Law makers in Vermont have given preliminary approval to a measure that would make it legal for an adult to possess up to an ounce of cannabis in the state.
The bill, S.41, was passed on Wednesday, by a vote of 16-13. A final vote on the measure should take place on Thursday.
“Vermonters have been yearning for leadership on this issue, and the Senate is really stepping up and demonstrating it,” said Matt Simon, the Montpelier-based New England political director for the Marijuana Policy Project. “The senators did not arrive at this vote lightly. They engaged in an exceptionally deliberative process, and like most of their constituents, they have arrived at the conclusion that it’s time to end prohibition and regulate marijuana.”
On Monday, the Senate Appropriations Committee approved the bill with a vote of 4-3. The bill had been previously approved by the Judiciary and Finance committees.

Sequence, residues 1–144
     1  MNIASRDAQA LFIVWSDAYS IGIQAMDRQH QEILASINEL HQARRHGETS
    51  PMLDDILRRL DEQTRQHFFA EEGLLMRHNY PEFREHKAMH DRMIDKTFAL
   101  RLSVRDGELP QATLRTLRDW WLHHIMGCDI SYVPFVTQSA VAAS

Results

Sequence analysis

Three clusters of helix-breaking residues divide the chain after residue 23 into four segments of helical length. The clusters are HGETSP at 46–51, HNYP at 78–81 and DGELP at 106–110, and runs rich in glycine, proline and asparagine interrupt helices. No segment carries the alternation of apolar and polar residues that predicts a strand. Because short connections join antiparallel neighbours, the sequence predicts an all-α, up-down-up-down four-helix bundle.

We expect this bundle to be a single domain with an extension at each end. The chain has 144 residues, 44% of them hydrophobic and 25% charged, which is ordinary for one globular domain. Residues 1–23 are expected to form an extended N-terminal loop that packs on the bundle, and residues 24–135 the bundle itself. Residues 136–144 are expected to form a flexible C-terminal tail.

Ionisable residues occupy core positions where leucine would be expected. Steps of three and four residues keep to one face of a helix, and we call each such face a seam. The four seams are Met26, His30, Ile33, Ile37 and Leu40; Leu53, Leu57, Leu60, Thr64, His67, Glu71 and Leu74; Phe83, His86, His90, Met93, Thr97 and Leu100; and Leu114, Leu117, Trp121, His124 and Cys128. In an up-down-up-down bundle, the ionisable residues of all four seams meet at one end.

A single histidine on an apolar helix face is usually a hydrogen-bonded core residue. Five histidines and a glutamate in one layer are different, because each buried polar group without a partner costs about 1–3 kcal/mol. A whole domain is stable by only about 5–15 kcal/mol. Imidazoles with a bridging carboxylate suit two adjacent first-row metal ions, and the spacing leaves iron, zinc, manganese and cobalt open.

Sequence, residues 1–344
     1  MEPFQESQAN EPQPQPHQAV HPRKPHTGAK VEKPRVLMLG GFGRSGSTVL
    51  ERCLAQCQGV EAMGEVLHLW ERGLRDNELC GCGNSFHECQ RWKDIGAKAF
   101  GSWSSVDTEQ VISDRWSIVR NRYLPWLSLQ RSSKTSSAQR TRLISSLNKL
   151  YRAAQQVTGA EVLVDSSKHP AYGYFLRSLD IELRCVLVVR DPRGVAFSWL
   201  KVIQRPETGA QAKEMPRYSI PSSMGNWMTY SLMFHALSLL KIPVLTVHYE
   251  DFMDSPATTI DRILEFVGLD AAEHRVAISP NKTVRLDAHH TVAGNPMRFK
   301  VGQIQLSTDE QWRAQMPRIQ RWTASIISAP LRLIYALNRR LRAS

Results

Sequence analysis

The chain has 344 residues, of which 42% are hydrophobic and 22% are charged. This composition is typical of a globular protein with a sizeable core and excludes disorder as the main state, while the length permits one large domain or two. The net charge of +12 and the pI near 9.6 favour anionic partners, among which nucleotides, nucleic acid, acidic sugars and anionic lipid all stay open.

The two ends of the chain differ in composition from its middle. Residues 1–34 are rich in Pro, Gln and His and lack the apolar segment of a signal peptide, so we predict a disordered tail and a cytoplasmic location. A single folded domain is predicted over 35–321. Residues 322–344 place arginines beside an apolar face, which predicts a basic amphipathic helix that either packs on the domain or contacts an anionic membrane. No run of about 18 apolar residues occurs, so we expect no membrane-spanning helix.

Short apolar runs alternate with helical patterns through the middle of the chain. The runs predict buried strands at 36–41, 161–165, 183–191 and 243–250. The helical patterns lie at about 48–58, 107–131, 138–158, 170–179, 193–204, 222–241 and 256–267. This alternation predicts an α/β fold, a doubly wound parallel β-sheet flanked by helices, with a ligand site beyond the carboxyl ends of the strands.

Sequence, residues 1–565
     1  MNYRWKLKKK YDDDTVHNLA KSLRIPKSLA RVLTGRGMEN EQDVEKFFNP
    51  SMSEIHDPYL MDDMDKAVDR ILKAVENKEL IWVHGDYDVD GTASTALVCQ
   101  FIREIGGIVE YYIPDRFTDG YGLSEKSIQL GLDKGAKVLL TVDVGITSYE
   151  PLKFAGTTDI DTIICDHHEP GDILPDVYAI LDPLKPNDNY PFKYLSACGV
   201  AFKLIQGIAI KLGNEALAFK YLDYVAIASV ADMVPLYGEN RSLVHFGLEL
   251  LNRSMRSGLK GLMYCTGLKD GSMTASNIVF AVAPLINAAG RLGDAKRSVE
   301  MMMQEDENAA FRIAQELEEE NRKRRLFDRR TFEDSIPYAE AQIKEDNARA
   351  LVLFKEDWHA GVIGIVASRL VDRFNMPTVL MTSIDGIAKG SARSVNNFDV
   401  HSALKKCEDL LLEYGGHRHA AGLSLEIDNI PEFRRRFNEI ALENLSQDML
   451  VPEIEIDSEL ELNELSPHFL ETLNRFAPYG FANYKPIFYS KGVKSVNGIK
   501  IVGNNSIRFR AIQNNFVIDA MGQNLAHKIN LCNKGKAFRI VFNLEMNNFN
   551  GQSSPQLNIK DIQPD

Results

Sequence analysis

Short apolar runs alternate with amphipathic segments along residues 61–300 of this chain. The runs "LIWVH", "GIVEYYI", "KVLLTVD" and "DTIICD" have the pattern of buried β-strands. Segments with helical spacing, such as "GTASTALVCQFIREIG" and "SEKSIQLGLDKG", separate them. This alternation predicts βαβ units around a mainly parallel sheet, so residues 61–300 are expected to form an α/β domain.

In a statement issued after the vote, Governor Peter Shumlin called it, “a big moment for Vermont.” By creating a legal market, Shumlin hopes to keep cannabis out of the hands of minors, and use the tax revenue to boost drug prevention programs.
Shumlin estimates that over 80,000 of his constituents have used cannabis in the past year. “That’s why I will work with you to craft the right bill that thoughtfully and carefully eliminates the era of prohibition that is currently failing us so miserably,” he said.
If the bill is ultimately approved, rulemaking would not begin until the summer, and the new law would not take effect until January 2018.